It is ironic that Keith Olbermann, who, unlike Rush, is actually a hatemonger, is a network commentator on NFL games. Apparently no one thinks Olbermann is too "divisive" to be associated with the league.
Which raises this thought: has any liberal ever been labeled "divisive"? I can't recall a single instance. President Obama, Nancy Pelosi and Harry Reid are trying to dismantle our health care system, an effort to which most Americans object and about which many millions care deeply. So, why are they not divisive? If that isn't divisive, what is?
These thoughts are prompted by Olbermann's latest outrage: another attack on Michelle Malkin, in which he accused Michelle of being a "fascist" and described her as "a big mashed-up bag of meat with lipstick on it." It is impossible to imagine a conservative with a network television contract using language like that about a liberal woman. Impossible. It is, to begin with, misogynistic; it's also aesthetically ridiculous. Agree with her or not, Michelle is a beautiful woman. One can only wonder what kind of twisted, sick psyche could produce this sort of venom. (Michelle writes about Olbermann's bizarre outburst here.)
Jimmy Carter is not divisive?
Asks Patrick McIlerhan of the Milwaukee daily news sheet:
People who at long last got involved in politics this summer, via tea parties, only to be called racists by no less than Jimmy Carter what did they do to deserve the utterly baseless hurling of the most potent accusation now available in American society?
What's happening, from Chris Matthews' lies to Jimmy Carter's, is simply the left trying to delegitimize conservatives wherever possible. Everything we say will be branded racist, somehow, and just holding the beliefs we do will be "divisive."
Divisive screws up your life. It separates you from polite society, which is the point: The left is eager for conservatism to be socially unacceptable. Unable to debate, it slanders. Unable to persuade, it tries to bring back shunning. And they dare call themselves "progressive." [Milwaukee Journal-Sentinel: Hate speech brought to you by my profession]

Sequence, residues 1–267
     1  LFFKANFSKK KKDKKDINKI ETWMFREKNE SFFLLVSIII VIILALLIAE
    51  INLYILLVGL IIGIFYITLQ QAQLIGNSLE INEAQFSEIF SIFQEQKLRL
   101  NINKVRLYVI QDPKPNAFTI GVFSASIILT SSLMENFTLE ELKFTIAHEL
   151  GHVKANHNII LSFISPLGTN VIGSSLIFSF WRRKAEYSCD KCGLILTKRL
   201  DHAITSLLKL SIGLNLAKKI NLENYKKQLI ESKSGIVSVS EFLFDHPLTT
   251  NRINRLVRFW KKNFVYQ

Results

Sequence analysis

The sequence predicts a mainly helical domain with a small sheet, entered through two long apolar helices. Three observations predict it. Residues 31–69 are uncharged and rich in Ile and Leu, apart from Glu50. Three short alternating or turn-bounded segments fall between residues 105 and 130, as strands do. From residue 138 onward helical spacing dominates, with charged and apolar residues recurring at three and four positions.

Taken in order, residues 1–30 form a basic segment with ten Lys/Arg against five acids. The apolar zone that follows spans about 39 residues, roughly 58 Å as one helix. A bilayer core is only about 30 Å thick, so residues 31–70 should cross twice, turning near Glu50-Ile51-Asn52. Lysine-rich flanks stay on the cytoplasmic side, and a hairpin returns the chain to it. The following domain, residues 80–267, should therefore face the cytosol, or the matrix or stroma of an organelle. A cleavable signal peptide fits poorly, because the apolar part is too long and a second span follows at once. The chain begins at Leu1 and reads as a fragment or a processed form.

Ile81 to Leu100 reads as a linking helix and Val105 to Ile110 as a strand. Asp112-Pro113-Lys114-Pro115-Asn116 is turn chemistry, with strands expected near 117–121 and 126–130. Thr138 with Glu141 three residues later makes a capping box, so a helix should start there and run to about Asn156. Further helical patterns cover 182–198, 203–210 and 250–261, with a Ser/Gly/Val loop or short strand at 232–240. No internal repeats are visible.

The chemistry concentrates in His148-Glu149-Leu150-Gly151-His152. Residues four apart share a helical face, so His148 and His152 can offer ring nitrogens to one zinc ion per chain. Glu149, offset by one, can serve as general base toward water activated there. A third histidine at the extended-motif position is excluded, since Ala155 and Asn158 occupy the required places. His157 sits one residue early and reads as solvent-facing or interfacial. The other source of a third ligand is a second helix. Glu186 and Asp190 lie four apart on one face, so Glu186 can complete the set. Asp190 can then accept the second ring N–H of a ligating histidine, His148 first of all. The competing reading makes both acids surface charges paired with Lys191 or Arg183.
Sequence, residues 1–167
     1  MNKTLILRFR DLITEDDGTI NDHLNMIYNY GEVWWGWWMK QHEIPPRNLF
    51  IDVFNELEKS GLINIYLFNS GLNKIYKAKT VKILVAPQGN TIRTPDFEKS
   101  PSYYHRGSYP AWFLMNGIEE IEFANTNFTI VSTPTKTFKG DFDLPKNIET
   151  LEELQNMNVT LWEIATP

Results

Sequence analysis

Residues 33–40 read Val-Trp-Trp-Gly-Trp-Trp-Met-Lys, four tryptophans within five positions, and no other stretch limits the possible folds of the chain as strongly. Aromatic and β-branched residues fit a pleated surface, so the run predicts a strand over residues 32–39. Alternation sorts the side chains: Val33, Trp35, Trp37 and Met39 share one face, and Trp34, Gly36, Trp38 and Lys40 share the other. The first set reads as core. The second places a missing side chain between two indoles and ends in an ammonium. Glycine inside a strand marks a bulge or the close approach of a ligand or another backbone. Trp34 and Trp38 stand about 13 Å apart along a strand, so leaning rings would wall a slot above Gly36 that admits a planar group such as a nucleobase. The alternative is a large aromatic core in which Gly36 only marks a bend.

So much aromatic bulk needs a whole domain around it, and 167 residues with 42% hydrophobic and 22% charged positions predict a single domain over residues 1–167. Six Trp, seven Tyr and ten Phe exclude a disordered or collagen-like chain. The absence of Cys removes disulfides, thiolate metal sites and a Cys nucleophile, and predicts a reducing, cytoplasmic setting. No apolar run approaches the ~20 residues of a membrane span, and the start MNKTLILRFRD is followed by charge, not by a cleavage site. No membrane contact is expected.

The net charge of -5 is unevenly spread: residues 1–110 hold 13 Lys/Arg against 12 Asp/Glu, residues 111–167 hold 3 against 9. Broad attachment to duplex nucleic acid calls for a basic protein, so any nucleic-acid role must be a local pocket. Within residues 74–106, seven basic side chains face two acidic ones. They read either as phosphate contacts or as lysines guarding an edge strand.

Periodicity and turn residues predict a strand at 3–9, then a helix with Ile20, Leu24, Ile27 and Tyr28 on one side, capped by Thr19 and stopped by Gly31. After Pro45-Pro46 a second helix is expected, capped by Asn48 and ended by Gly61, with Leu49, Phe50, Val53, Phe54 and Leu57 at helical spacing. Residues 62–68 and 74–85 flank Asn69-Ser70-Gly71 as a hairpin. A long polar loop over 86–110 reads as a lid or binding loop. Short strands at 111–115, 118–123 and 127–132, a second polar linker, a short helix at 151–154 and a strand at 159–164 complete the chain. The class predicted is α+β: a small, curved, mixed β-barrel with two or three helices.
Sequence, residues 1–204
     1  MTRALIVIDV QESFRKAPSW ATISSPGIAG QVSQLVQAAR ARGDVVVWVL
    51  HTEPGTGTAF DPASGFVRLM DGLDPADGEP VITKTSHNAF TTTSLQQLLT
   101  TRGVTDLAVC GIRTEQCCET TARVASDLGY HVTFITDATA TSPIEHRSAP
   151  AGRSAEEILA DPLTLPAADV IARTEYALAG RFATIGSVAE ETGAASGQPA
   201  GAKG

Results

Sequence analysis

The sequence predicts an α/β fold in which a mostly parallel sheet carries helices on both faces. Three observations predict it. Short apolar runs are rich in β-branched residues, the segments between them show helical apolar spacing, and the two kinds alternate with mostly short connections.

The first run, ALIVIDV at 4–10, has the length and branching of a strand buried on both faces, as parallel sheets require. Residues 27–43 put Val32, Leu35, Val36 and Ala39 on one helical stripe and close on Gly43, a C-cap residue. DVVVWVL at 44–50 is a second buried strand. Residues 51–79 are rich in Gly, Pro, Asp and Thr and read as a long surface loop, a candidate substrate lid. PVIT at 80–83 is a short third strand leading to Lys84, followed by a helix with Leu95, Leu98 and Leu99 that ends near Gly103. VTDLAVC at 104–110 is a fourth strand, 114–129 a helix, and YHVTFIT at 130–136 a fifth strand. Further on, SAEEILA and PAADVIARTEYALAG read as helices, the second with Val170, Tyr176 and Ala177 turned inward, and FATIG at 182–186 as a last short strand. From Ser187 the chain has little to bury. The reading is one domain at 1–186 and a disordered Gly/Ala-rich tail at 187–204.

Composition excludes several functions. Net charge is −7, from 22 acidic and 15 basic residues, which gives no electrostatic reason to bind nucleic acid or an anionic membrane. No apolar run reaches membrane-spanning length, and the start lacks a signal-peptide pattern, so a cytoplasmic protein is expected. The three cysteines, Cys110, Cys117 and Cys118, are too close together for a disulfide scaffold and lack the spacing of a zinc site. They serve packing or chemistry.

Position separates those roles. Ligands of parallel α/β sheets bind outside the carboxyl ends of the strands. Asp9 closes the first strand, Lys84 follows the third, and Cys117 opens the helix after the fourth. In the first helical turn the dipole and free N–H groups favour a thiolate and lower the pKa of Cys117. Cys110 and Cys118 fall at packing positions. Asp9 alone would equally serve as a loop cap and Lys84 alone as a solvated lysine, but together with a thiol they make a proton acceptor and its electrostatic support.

The blame, dear Brutus...
Sharpton and his ilk are ably answered by one LZ Granderson, a columnist for ESPN The Magazine and ESPN.com, and the 2009 Gay & Lesbian Alliance Against Defamation award winner. Granderson joins Bill Cosby and others in speaking out against playing the victimization game.
Limbaugh tried to become a minority owner of a professional football team and some of us behaved as if he was one of the young men caught on video beating Derrion Albert to death in the streets of Chicago.
Limbaugh may be a racist, but he is not the reason there are more black men in prison than in college. We are.
Our issues did not germinate in a vacuum, but I believe the best way to get out of our socio-economical malaise is to spend less time looking at what white people like Limbaugh are supposedly doing to us and more time looking at what we're definitely doing to ourselves. More time charting a new course based on personal responsibility, not victimhood and the retelling of stories, because let me tell you, some of those stories have been touched up so many times it's hard to know what's true anyway.
Quite a few of us … were more than willing to … manipulate racial tension to keep crumbs of power or money. (Yet) we still had black-on-black crime, gambling, theft, prostitution, murder. (CNN: Don't blame Limbaugh for our faults)
A confession: I don't listen to Rush Limbaugh. Never have. Not that I disagree with him all that much, I just don't like his shtick. I take my conservative nourishment in print form from the Weekly Standard, the Wall Street Journal and, occasionally, The Atlantic magazine. On-line I visit:
Charlie Sykes, the main man in Wisconsin.
Michelle Malkin, no holds barred.
Shark and Shepherd, taught by the erudite Marquette Law prof Rick Esenberg.
Ann Althouse, a UW-Madison law prof who writes of love and food as well as politics.
Wisconsin Policy Research Institute, for which I occasionally write.
MacIver Institute, a new organization making a name for itself.
Americans for Prosperity, champion of the Tea Parties.
Not least is the courageous Miss Vicki, with whom your BlaskaBlogger occasionally shares the Up Front microphone.